It’s lucky the weather has been beautiful, because the news has been so disheartening. I have great need of the garden, to recharge my ability to deal with my fellow humans. Pure summer has arrived, blue skied, clear, and breezy, so I stepped away from websites and media feeds, took my kneeling pad, my weeder, and my tubtrug and went out to the garden. Hello tomatoes. Let me help you out by getting these iniquitous weeds out from under your feet.
It was satisfying. I liberated the tomatoes and went on to the cosmos and zinnias. You can never have too many flowers, so when the available raised beds were full I found a place for more: a circle of zinnia seeds around my garden globe. In my garden I can grow what I want, where I want, in as many raised beds as I like, or in low dirt where I think that’s a better idea, No one argues with me about it. Other people grow other things, but gardeners don’t go around forcing their beans and watermelon seeds on those with other plans.
I added a row of pots down the deck steps – more flowers, and then some chocolate mint. Mint grows fast and will take over the world if not confined to pots. Someone once argued with me that mint couldn’t possibly taste like chocolate, because they didn’t believe chocolate came from a plant. They became very invested in this position, causing a force field to rise around their ears, blocking facts. I like to think this happens more outside of gardens than in them, but our first recorded instance of it was in a garden, long ago.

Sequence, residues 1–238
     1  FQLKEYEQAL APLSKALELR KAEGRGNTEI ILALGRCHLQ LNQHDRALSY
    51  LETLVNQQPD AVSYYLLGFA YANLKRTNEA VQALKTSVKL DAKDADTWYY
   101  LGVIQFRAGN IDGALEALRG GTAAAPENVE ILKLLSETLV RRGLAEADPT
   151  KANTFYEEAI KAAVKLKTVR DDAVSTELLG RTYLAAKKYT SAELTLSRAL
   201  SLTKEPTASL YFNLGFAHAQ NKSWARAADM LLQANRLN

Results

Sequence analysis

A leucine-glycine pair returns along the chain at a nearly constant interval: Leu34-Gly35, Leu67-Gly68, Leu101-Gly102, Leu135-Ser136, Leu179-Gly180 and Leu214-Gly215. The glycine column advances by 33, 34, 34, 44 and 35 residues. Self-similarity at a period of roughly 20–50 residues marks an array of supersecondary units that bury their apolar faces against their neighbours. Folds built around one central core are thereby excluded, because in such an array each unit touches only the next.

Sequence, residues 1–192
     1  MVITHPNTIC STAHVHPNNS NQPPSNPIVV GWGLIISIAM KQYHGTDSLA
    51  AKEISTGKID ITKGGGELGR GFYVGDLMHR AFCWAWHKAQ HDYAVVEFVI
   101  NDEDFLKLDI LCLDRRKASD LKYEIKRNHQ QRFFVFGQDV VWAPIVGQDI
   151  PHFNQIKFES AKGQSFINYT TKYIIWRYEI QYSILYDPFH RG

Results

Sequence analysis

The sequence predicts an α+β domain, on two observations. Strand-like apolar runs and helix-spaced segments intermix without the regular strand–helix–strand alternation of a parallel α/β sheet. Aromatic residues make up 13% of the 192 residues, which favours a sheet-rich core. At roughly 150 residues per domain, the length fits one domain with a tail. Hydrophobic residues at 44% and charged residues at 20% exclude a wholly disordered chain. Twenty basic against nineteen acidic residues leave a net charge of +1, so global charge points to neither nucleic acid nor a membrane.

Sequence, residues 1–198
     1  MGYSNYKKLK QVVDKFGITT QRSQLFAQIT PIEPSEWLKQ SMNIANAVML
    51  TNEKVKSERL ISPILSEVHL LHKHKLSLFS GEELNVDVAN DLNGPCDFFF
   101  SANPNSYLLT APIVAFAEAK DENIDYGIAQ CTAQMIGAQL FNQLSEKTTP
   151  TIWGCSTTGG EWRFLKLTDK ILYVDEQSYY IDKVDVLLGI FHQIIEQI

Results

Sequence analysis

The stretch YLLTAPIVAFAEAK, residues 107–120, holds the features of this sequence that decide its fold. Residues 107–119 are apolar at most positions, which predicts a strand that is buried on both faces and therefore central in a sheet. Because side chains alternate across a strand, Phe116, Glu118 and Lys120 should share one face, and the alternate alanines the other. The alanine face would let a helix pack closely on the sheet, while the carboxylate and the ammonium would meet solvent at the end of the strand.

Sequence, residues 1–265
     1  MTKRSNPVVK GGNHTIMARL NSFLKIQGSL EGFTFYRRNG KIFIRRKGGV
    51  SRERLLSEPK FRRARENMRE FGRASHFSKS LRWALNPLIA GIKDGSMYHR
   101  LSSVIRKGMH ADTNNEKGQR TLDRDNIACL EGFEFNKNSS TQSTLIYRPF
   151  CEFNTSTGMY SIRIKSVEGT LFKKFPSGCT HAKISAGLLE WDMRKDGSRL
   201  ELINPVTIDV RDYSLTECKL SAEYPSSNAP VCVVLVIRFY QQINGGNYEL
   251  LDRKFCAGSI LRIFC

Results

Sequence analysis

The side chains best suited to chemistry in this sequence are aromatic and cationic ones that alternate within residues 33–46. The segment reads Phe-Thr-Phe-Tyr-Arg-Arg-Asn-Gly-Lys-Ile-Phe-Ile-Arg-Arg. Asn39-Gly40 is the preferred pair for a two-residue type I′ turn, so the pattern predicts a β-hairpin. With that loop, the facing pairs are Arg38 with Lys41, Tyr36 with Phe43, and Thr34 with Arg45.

Once I had the pots on the deck I continued around the house to the front yard, where I checked the water in the birdbath. There was water. There was also a bird. Robins are my totem bird, of course, so when they hang out around my house it feels like a kind word from the cosmos, and makes me happy.
I fill the birdbath from a hose at the end of the house. I’ve been wanting a nice clear path to it, so I cut up some cardboard boxes, laid them out across the grass, layered mulch over them, and lined up stepping stones on top. When I turn on the water, my thumb on the end of the hose sends a strong enough spray to the birdbath to clean out any fallen leaves, dirt, stray feathers, whatever muck the has been left behind. A slight change of pressure makes the spray gentler, filling the birdbath up again, clean, sparkling, ready for the future. It takes the right effort in the right place, repeated often, to keep the situation from getting out of hand.